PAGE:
Rendering and Shaders
NOTE: The Converter replaces the MAX script plugin for exporting units. The converter can accept FBX files from most 3D tools.
Valid map slots to be used are Diffuse, Specular Colour, Glossiness, and Bump (which is the normal map). The exporter should correctly handle baked materials. The maps are available in the game shaders in the following order in samplers [0-3].
Diffuse Normal Specular Gloss
Hold LMB - rotate camera Hold RMB - pan camera Mousewheel - zoom (+SHIFT for faster) RETURN - reset camera L - cycle through lights SPACE - toggle camera light F1 - reload shaders A - toggle animations F8 - single step animation P - reseed shader random values (shield variation, etc) 0-9 - set the shader values from the config file (see below) LEFT/RIGHT - change texture set
SHIFT+Click on texture button to clear texture from it
If there is a suitably formatted animation file in the same folder as the mesh then the animations will be shown in a list. The chosen animation will be looped. If you hold SHIFT when clicking an animation it will then loop both that animation and the last animation chosen without SHIFT down, blending between them. This is for blend testing mainly and should generally not be used - once turned on it cannot be turned off without restarting the tool.
The batching processing allows for multiple files to be loaded, optionally have the current textures applied, and then saved out. Both FBX and S4F files can be processed. Once processed the files are exported to an S4F with the same name (so if processing an S4F file, then original file will be over-written). By default the currently applied textures in all 4 slots are applied to the model once loaded. If you hold down SHIFT when clicking the Batch Processing button then this will not happen and the model will simply be imported and then exported as an S4F. If you hold down CONTROL when clicking on the Batch Processing button the model will be imported, optimised (as per the Optimise button at the bottom of the panel, removing unused nodes) and re-exported as an S4F.
If a CONFIG.TXT file is found in the same folder as the EXE, it can contain the following:
Must be at the top of the file, optional. Points to a folder where a CORE/SHADERS folder exists, allowing you to point the tool to the shaders being used by (e.g.) your game data.
You can set up values which will be passed to your shaders. These are to allow mimicking of shader operations which game code may be pushing. They are 4 values which are passed into the shader in register 30 of both the VS and PS. These are integer values.
SHADERVALUE<N> <X> <Y> <Z> <W>
SHADERVALUE0 1 0 3 99
The N value matches the numeric key that you press to use the value.
For tools which do not have standard texture naming or placement you can set up automated searches for normal or specular textures. Use the following format:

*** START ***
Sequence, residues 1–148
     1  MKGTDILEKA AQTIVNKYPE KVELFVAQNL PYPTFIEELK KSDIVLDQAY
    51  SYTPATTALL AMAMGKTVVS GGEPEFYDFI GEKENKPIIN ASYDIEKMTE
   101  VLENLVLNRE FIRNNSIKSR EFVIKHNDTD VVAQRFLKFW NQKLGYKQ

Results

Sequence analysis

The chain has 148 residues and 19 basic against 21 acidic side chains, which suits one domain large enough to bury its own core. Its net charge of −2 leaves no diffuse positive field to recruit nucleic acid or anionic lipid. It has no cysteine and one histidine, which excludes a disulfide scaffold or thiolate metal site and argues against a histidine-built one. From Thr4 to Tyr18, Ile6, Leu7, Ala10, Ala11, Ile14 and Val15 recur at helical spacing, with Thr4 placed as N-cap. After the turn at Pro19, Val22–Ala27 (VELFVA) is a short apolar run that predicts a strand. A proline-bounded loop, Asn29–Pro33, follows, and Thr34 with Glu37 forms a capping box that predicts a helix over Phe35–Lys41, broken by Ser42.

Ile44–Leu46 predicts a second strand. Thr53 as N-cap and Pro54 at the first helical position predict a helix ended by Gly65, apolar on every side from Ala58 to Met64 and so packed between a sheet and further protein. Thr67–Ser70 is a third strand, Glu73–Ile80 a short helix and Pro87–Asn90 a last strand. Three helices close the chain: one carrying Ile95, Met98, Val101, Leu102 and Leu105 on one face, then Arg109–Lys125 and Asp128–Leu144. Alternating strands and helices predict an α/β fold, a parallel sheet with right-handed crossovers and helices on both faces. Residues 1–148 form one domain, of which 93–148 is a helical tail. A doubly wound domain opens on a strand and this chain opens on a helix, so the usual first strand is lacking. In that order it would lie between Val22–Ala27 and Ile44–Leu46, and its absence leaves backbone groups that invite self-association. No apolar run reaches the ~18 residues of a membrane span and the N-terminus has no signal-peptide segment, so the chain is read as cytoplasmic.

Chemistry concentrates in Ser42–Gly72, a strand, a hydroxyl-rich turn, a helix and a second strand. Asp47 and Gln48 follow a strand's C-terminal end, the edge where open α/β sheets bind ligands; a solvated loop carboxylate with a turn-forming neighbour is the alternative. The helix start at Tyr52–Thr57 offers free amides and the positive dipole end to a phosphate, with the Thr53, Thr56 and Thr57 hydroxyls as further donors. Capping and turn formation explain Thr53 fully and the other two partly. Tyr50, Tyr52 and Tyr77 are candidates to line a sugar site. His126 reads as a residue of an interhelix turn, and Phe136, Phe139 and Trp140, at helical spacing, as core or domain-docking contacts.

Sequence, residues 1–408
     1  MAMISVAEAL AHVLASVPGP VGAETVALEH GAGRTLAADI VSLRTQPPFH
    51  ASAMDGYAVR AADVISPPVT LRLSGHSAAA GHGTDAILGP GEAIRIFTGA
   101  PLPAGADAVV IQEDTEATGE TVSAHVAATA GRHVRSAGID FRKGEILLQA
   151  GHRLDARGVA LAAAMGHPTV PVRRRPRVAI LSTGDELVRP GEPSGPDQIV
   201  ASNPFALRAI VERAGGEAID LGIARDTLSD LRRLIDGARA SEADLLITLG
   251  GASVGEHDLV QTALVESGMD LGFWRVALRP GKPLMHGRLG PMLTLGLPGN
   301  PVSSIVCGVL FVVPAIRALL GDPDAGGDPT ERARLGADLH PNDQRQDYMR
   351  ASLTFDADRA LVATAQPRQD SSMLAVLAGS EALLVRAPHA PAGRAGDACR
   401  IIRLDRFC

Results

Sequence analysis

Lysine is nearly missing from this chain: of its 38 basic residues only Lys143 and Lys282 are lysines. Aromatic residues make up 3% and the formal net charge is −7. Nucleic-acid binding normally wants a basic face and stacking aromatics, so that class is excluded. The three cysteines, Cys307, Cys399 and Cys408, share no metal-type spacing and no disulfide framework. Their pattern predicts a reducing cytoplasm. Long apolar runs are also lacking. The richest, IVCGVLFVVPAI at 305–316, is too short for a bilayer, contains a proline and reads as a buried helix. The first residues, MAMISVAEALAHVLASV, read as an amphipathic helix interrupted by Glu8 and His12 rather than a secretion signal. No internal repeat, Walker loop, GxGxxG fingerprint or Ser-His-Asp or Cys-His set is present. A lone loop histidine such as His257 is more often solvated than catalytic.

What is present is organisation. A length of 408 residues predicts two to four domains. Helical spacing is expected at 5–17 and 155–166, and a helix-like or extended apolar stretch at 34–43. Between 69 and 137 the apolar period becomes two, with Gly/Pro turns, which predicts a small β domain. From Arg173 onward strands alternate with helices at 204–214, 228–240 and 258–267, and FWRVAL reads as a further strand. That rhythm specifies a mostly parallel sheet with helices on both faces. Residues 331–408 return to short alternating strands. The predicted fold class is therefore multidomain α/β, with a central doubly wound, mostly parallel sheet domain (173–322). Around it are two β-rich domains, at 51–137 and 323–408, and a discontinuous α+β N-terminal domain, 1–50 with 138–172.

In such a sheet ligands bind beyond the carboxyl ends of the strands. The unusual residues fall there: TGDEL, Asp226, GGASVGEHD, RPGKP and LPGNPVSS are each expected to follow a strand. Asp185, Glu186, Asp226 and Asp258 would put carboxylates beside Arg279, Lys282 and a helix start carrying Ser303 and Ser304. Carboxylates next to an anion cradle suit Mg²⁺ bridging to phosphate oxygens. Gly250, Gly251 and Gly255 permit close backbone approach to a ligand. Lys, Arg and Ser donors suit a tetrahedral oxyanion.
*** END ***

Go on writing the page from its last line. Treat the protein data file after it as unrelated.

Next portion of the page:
FINDNORMAL <postfix> FINDSPEC <postfix>
Where postfix would be something like _normal where textures are named (e.g.) main.dds, main_normal.dds, etc.
Multiple texture paths which are searched in order for any textures
[TEXTURES] PATH <texturePath> PATH ...
NOTE: Texture sets are assumed to be in subfolders, with naming of TEXTURE1, TEXTURE2 etc. Note that the tool will only look for subfolders numbered [1,30].
Multiple lights can be set up, each light must be a triplet of direction, colour, and ambient
[LIGHTS] DIRECTION <vector> COLOUR <hex> AMBIENT <hex> DIRECTION ...
An example CONFIG file is
[TEXTURES] PATH C:\DATA\BATTLE\UNITTEXTURES PATH C:\DATA\TEXTURES [LIGHTS] DIRECTION 0 -1 0 COLOUR FFFF0000 AMBIENT FF003300 DIRECTION 1 0 0 COLOUR FFFFFF00 AMBIENT 0
The system loads and uses some specific default shaders for specific types of rendering from CORE/SHADERS. These are:
screenrgba.txt font.txt grey.txt screenrgba_solid.txt
The above shaders are used for standard UI object rendering and font drawing, and will generally not be changed by the user.
lit.txt - draw standard lit objects (lit via normals) prelit.txt - draw prelit objects (vertex colour stored in vertex data) normal.txt - draw objects with normal mapping (vertex data includes tangent space info) lit_skin.txt - draw as per lit.txt but with hardware skinning normal_skin.txt - draw as per normal.txt but with hardware skinning
These shaders are generally the ones that you will customise to your specific workflow and texture setups.
Custom shaders can be used in two ways. Either include a new shader in the base SHADERS folder and use the tool to apply it to the applicable meshes. This however can be fiddly if you have combined shader types (e.g. skinned/non-skinned) and requires you to create versions in the 1 folder for shadowing.